ELIE. FISHING BOATS IN THE GALE.–The storm on Thursday caught the East of Fife boats which were engaged at the herring fishing. A number of them bore up for their own ports, but two, the James of Cellardyke and a St Monans boat made for Elie harbour under difficulties. The James had a broken yard and the other bolt a broken mast, each making the harbour under jury rig.


Brothers Quarrelling.— At Cellardyke Burgh Court  on Saturday two brothers, named James and Robert Keith were charged with their brother Alexander at his own house on the 3rd inst. by striking and kicking him. After evidence had been led, the charge was found proven against Robert, and he was sentenced to pay 30s, or one mouth’s in Dundee Prison. He was taken to prison, but the fine was afterwards paid.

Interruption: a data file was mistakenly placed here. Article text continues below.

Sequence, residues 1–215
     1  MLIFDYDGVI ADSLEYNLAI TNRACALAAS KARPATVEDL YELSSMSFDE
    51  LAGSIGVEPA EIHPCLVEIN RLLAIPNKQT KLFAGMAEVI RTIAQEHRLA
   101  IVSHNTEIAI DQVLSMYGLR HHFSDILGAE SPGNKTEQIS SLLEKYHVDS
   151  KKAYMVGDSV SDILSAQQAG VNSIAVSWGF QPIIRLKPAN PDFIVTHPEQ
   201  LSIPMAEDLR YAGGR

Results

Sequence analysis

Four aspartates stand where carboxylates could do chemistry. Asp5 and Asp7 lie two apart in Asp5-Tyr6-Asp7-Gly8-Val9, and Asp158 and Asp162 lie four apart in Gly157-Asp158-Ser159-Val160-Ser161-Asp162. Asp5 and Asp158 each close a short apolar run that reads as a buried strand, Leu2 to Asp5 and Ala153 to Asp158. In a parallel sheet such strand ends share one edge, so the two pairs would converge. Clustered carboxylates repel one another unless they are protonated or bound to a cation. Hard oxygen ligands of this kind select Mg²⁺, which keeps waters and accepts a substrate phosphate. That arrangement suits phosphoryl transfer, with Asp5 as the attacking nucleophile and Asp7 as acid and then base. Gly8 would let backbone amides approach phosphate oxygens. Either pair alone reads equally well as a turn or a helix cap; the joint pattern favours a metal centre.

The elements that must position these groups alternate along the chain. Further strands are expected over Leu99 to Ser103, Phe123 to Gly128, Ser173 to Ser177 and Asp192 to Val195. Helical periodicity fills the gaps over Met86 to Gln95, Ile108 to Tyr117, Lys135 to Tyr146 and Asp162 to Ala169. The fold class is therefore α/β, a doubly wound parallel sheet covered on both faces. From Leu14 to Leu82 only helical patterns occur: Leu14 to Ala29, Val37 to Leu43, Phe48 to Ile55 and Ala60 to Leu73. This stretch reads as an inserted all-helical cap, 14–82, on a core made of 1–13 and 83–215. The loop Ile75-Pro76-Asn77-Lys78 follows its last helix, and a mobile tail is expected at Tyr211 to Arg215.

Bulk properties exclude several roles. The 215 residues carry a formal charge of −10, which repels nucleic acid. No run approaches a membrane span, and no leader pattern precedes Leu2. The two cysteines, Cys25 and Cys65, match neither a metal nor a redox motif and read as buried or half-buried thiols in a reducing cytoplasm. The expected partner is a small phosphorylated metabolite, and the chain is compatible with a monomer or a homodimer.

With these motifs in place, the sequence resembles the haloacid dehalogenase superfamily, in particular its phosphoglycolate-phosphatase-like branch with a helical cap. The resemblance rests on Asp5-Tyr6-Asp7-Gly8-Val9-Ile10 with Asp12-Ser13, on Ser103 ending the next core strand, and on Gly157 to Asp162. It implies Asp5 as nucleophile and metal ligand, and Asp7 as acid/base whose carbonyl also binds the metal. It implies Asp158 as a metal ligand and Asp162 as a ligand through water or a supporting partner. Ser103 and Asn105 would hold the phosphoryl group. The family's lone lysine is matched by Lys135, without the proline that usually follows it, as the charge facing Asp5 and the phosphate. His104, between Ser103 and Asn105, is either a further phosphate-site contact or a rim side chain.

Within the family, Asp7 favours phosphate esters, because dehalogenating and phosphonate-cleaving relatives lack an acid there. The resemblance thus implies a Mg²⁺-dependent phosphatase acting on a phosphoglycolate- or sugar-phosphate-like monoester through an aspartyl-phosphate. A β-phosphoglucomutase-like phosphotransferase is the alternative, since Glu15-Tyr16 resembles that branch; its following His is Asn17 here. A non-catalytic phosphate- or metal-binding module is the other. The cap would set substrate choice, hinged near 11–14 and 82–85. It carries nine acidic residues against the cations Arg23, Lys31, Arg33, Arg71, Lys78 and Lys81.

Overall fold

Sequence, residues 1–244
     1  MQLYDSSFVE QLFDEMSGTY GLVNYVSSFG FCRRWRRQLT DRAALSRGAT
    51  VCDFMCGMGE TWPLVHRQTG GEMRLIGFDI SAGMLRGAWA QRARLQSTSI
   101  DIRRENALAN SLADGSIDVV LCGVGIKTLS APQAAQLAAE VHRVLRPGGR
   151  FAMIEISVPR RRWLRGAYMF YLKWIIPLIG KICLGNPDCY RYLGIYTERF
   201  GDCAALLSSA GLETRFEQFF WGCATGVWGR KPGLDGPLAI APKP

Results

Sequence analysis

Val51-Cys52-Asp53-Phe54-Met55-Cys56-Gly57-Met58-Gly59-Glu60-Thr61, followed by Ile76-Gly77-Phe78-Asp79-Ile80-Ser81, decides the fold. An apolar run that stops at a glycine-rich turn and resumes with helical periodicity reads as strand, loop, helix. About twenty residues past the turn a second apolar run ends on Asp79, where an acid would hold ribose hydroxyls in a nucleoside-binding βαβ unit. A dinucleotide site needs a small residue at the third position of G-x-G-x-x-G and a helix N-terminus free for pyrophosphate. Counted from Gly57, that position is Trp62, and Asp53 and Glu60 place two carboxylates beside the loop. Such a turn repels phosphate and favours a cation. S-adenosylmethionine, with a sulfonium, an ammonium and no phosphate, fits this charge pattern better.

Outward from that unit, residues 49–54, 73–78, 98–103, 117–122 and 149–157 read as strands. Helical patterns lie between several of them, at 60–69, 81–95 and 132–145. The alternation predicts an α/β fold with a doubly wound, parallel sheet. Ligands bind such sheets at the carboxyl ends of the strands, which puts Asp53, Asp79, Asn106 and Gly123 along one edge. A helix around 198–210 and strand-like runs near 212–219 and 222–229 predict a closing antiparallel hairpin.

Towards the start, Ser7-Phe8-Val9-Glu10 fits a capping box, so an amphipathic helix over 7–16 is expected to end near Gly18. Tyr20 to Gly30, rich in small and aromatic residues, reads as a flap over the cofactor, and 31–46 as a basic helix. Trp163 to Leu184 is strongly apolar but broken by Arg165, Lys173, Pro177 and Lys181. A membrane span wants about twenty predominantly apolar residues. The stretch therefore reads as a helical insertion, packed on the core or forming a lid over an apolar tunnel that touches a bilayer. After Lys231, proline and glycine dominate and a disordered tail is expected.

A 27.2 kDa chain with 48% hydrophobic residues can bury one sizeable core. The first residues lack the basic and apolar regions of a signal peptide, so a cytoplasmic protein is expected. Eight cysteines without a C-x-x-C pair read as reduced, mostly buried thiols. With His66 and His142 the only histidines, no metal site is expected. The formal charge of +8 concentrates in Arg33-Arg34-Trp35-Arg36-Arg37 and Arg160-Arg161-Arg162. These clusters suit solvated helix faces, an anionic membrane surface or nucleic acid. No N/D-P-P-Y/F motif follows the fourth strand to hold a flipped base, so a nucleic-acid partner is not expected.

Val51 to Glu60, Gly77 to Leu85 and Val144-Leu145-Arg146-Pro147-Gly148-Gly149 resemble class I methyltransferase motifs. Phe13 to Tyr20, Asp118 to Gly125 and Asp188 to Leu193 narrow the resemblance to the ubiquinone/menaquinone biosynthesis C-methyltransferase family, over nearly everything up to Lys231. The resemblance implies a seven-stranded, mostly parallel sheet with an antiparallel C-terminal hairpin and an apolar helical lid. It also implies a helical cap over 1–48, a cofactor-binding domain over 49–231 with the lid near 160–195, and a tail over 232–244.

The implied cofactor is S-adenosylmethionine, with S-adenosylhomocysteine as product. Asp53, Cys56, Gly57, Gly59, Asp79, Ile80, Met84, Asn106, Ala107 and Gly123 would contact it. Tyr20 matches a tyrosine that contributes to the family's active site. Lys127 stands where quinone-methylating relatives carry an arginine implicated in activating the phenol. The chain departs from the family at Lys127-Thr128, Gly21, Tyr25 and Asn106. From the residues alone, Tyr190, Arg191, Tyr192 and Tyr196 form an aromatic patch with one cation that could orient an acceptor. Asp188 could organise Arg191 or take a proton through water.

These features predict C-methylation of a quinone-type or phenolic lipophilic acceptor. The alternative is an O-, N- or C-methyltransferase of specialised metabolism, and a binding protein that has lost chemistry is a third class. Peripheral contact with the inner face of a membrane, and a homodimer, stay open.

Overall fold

“Coaties” V. Bluejackets. The formation of the K.Y. team at Kilrenny has given young Cellardyke a chance s to try his foot at the game, in which at one time he had few masters. The team was originally composed of shoemakers, but the fishermen are getting places in it, and on Saturday there was quite an Anster v. Cellardyke flavour in the match—Rangers v. K.Y. It was fought out on the latter’s pitch. The Rangers had a lot of budding young players on trial They gave a fine exhibition. A pleasant game was played, ending in a draw of two goals each.